Turkey's parliament approved on Saturday a security and military cooperation deal signed with Libya's internationally recognised government last month, state media and Reuters reported, an agreement that could pave the way for military help from Ankara.
Turkey has been backing the Libyan government led by Fayez al-Serraj as it fights off a months-long offensive by Khalifa Haftar's forces based in the east of the country.
Ankara has already sent military supplies to Libya in violation of a United Nations arms embargo, according to a report by UN experts seen by Reuters last month.
The two sides signed the deal in November to boost military cooperation along with a separate accord on maritime boundaries in the eastern Mediterranean that has enraged Greece.
The state-run Anadolu Agency said on Saturday that Turkey's parliament voted 269-125 in favour of the security accord after Serraj's Government of National Accord (GNA) ratified it on Thursday.
Turkish President Tayyip Erdogan has said Turkey could deploy troops to Libya in support of the GNA but no request has yet been made. He said on Friday that Turkey could not remain silent over Russian-backed mercenaries backing Haftar's forces.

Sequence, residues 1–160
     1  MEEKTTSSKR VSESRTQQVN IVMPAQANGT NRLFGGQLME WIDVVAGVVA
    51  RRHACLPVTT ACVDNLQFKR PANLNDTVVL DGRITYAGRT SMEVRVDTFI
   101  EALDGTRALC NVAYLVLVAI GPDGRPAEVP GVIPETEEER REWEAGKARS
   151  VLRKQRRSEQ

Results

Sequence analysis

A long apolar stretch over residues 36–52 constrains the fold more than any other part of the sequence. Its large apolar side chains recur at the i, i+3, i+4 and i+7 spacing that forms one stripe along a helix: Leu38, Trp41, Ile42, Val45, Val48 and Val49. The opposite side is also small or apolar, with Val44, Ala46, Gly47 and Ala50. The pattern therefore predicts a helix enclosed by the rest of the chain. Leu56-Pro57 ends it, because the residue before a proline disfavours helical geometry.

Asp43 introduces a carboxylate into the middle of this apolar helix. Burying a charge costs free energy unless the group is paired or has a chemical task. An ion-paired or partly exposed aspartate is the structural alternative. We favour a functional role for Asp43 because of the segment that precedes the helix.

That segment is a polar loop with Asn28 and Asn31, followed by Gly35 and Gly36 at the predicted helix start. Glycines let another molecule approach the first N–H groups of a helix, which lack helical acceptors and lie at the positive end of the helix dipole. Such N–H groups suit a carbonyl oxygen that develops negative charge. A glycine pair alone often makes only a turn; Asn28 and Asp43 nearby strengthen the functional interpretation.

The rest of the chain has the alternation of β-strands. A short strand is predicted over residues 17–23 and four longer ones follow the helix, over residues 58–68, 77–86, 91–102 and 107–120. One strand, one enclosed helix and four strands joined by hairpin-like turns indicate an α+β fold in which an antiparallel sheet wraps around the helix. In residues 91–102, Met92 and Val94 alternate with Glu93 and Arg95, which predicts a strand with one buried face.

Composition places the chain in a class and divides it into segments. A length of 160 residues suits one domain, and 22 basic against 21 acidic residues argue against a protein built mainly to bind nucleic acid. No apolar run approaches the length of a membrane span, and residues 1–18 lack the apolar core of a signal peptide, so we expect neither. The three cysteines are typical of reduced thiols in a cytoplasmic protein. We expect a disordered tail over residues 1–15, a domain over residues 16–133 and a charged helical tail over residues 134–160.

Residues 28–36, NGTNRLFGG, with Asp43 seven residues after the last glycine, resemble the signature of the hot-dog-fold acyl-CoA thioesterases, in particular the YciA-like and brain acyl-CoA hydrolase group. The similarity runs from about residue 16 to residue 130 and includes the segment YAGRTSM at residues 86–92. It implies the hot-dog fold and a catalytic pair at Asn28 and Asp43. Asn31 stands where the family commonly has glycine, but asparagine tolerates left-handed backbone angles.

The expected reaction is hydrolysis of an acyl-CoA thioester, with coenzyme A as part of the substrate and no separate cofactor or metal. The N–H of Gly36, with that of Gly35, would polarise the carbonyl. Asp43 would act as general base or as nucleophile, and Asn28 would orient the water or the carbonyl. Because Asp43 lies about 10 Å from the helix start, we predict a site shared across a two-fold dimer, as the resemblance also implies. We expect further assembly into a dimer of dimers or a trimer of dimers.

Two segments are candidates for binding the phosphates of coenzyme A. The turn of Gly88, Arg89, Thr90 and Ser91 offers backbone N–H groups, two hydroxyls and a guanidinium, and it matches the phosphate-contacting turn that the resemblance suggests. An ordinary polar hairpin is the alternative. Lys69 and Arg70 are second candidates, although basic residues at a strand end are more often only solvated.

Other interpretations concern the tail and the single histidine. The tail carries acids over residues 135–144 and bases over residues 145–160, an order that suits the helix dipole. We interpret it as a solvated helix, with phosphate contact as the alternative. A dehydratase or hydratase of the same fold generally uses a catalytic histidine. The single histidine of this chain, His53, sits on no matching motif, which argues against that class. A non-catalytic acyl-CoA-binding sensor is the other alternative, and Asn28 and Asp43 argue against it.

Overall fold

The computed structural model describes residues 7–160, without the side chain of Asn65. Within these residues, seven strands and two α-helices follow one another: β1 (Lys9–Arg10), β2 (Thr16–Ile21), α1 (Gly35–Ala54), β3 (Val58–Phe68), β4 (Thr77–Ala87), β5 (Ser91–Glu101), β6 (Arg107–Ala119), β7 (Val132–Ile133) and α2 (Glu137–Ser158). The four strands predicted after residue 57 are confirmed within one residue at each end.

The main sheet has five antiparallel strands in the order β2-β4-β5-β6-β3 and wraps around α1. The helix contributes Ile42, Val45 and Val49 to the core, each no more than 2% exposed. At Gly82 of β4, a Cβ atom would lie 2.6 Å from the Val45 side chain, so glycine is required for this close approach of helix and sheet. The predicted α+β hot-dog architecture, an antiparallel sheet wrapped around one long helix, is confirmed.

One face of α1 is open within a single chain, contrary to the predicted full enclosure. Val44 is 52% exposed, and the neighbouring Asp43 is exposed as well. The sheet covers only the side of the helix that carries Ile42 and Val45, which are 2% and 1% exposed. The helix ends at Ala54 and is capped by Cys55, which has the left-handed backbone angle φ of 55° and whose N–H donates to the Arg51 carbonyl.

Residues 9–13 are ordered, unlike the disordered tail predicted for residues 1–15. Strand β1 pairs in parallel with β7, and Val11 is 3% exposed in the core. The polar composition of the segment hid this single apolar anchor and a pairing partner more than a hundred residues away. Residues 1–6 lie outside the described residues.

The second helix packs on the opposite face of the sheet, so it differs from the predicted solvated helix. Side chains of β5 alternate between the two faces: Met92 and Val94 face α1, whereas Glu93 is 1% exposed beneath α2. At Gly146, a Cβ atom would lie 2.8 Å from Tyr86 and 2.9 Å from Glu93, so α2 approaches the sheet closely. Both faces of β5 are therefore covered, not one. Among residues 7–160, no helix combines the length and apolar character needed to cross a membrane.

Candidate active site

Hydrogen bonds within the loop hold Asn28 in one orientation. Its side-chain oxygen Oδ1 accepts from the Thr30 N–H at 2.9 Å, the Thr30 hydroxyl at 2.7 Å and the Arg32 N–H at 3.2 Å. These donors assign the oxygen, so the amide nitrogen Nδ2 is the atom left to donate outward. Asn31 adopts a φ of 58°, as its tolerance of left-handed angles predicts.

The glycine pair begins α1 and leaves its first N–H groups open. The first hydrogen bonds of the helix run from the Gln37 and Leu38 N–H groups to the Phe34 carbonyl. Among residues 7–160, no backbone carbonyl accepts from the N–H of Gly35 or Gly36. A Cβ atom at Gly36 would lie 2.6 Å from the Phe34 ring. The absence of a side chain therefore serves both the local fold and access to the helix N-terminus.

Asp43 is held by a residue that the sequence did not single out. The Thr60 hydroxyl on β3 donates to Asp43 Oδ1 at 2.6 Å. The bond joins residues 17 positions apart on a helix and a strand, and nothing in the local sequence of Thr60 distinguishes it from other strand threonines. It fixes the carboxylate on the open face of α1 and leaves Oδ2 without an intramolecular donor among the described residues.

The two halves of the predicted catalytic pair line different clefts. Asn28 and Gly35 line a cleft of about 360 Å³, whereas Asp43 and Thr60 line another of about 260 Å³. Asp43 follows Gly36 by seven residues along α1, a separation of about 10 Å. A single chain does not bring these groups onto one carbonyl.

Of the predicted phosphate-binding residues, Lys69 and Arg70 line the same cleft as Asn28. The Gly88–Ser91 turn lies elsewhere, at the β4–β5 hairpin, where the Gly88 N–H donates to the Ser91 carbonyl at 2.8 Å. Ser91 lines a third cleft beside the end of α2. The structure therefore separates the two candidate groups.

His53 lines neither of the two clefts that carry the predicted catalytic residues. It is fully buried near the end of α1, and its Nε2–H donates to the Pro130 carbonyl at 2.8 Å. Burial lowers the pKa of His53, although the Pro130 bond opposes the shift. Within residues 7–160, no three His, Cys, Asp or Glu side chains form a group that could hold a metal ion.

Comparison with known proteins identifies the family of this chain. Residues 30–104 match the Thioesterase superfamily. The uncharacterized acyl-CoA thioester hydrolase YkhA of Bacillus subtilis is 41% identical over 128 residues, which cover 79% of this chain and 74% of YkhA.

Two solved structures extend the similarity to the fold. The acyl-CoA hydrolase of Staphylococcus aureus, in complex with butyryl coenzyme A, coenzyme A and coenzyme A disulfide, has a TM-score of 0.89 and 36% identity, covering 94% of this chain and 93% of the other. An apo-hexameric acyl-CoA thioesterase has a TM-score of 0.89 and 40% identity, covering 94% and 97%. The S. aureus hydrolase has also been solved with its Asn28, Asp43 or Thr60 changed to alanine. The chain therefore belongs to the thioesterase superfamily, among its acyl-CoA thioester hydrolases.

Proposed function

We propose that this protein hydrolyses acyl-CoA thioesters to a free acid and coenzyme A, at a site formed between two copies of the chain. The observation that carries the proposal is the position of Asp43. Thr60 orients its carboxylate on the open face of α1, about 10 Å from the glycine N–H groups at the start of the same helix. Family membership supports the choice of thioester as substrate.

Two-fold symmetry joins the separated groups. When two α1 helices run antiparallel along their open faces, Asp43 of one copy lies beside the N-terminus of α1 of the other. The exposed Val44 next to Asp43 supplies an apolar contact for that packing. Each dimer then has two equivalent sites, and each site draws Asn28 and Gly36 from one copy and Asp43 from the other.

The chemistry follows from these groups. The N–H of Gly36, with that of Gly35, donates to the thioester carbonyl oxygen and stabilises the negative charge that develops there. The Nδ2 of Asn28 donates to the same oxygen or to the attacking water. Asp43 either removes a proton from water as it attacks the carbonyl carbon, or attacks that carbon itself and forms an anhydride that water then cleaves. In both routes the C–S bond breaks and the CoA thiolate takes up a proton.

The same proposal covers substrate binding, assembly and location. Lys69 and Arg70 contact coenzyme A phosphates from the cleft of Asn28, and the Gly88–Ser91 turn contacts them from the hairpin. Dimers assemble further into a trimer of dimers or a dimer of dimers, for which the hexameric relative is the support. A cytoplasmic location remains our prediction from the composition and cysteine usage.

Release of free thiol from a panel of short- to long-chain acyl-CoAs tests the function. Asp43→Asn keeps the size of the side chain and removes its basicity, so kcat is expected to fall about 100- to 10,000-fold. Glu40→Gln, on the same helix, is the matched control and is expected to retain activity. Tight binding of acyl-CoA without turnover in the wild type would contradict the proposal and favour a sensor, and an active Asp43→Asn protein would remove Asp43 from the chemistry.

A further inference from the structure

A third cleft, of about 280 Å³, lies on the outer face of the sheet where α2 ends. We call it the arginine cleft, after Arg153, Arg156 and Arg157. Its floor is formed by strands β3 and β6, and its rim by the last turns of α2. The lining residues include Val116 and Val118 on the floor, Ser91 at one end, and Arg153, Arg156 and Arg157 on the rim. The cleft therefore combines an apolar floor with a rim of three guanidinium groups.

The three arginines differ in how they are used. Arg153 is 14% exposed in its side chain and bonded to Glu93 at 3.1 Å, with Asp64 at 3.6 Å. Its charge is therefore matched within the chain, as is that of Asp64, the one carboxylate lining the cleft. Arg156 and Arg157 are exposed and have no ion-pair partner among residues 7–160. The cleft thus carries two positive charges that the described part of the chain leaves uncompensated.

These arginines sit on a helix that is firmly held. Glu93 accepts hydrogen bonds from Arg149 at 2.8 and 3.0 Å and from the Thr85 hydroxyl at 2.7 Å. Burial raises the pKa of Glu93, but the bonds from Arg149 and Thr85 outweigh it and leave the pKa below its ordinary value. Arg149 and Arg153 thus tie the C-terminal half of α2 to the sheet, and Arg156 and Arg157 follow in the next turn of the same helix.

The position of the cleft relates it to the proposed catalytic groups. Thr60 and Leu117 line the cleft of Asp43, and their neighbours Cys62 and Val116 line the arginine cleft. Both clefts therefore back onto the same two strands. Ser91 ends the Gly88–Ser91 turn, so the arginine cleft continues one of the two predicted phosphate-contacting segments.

Russia said it was very concerned about the possibility of Turkey deploying troops in Libya and that the security deal raised many questions for Moscow.
Erdogan will discuss Ankara's potential troop deployment to Libya with Russian President Vladimir Putin during talks in Turkey next month, the Kremlin said on Tuesday.
Speaking on Saturday, Turkish Vice President Fuat Oktay said the accords with Libya were historic for Turkey and added Ankara was ready to evaluate possible troop deployment.